Philips' DVD+RW digital video recording system got a major supporter at CES, when executives with Thomson MultiMedia said they have selected the recording format over the competing DVD-RAM and DVD-RW systems.
Both Philips and Thomson plan to offer DVD+RW recorders by the end of the year. The decks will produce discs that can be played on a majority of the DVD players already on the market. This is a major advantage over the competing formats, but rivals had disputed the claim.
Mike O'Hara, Thomson Americas senior VP, said his company selected the format in part for its backward compatibility with current DVD video players, meaning discs recorded in the deck would play in most DVD players now in the market.
Matsushita executives criticized Philips this fall for allegedly making false assertions that 4.7GB DVD+RW discs would play in all DVD players.
Philips proved its critics wrong at its CES press event by demonstrating a DVD+RW recording in a Pioneer-brand DVD video player. However, Philips slightly qualified this capability by saying that DVD+RW discs would play in 70% to 80% of today's DVD players.
Philips plans to market a DVD+RW later this year at prices to be announced. Similarly, Thomson did not disclose pricing for its recorder.
Meanwhile, Philips said it plans to expand its assortment of personal video recording formats. Adri Baan, Philips Consumer Electronics chairman, announced the company will offer WebTV terminals with hard drive video recording capability.
Microsoft's WebTV Network uses a hard drive recording system in the DishPlayer terminals currently sold by EchoStar. However, few details on that device or the previously announced integrated DirecTv IRD and TiVo PVR were discussed at the press conference.
Baan said his company's rollout of a TiVo PVR last year has been successful. The company announced at CES two models: HDR112 (14 hours of recording time at $499) and HDR312 (30 hours of recording time at $999).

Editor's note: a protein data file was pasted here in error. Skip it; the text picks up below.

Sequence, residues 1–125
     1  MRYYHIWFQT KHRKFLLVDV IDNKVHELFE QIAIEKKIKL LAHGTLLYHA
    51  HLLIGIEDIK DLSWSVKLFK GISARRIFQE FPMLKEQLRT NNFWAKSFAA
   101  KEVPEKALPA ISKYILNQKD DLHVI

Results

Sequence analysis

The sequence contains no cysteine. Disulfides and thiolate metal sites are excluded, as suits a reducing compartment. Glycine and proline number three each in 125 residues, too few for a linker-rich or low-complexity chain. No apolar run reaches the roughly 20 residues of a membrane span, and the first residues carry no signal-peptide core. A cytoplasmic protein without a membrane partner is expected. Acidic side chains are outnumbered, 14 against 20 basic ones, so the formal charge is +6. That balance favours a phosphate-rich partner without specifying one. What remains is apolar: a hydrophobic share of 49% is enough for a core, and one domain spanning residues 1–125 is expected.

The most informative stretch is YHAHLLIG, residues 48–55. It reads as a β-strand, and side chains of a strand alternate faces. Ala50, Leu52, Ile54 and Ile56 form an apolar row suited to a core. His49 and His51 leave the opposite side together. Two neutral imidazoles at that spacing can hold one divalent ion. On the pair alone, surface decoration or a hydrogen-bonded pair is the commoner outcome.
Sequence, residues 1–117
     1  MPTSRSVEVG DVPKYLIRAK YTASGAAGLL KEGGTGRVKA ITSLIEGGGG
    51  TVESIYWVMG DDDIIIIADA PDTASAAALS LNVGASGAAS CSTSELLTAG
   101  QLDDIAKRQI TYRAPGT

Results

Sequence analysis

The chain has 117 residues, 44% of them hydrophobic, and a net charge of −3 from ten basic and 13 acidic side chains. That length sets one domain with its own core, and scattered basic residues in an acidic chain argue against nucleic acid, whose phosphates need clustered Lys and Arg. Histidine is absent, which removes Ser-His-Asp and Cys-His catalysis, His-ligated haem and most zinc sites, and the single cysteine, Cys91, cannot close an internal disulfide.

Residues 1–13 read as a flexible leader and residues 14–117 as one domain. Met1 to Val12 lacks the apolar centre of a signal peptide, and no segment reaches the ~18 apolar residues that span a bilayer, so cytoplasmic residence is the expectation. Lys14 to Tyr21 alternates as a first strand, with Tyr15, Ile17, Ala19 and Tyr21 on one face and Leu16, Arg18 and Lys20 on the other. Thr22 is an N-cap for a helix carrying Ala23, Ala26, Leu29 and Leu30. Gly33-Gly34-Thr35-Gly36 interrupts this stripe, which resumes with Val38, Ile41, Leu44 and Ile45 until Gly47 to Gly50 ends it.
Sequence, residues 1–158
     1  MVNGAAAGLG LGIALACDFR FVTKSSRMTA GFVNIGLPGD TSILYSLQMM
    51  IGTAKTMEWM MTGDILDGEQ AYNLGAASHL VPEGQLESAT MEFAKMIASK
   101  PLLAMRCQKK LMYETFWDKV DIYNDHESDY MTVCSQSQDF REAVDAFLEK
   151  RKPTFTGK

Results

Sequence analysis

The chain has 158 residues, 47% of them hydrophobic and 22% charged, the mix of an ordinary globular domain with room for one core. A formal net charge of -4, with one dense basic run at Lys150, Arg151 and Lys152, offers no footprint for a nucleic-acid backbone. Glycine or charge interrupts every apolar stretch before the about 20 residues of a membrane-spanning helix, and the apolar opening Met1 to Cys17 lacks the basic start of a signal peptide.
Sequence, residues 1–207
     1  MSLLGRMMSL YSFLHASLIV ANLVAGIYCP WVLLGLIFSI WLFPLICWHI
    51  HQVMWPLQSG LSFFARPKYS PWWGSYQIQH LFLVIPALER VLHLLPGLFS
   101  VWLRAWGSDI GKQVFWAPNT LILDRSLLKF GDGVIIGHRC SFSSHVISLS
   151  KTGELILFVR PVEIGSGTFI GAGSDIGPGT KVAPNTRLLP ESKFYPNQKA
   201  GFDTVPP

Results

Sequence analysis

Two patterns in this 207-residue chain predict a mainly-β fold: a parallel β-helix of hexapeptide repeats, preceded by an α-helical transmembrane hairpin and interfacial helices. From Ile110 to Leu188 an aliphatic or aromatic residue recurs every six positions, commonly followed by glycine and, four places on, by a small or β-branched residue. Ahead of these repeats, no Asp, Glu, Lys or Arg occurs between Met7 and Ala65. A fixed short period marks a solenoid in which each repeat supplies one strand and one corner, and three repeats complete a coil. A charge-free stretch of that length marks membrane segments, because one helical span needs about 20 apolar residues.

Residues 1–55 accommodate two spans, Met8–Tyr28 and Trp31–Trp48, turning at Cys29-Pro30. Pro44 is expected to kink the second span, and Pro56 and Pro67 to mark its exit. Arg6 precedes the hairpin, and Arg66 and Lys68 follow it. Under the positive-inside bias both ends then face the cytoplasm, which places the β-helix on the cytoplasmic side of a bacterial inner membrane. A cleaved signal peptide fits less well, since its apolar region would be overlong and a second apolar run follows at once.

In digital television, Philips showed two HD-capable widescreen direct-view monitors and a fully integrated HDTV receiver with the flat-tube design.
The integrated set (model 34PH9915) uses a 34W" 16:9 picture tube. It will scale all formats to a 1080i scan rate, except NTSC analog sources, which it scales to a 540p format. Scheduled to ship in the second quarter, the set will carry a $5,000 suggested retail price.
New flat-tube monitors include the 30PW9815 and the 34PW9815, which feature 16:9 screen sizes of 30W" and 34W", respectively. Both scan images at a 1080i rate, include dual NTSC tuners, and connect to a digital decoder box via HD component video inputs. They are to ship in the second quarter at suggested retails of $3,000 and $4,000, respectively.
Three HD-capable rear-projection monitors and one fully integrated HDTV rear-projection model are also in the plans for this year. The company is currently selling the 64PH9905 HDTV for a $9,990 suggested retail. It includes 9" CRTs and broadband inputs.
High-scan projection monitors include two 60" models in each of the 16:9 and 4:3 aspect ratios and a 55W" widescreen model.
All are shipping this summer and natively scan the 1080i and 480p formats. All include dual NTSC tuners and connect to an outboard ATSC decoder box via HD component video inputs.
The 60" 4:3 display (60PP9601) will carry a $4,200 suggested retail price, the 60W" display (60PP9701) carries a $5,500 suggested retail, and the 55W" 16:9 display (55PP9701) carries a $5,000 suggested retail.
In the 480p segment, Philips will offer starting later this quarter a new plasma display panel (42FD9932), which includes a 42W" 16:9 display and 852 x 480-pixel resolution, for a $10,000 suggested retail price.
A version bundled with an e-box companion NTSC tuner/chassis also will be available.
Also announced were three new DVD players, all of which include dual-laser pickups for compatibility with CD-R and CD-RW audio discs, as well as standard CD, DVD and Video CD formats.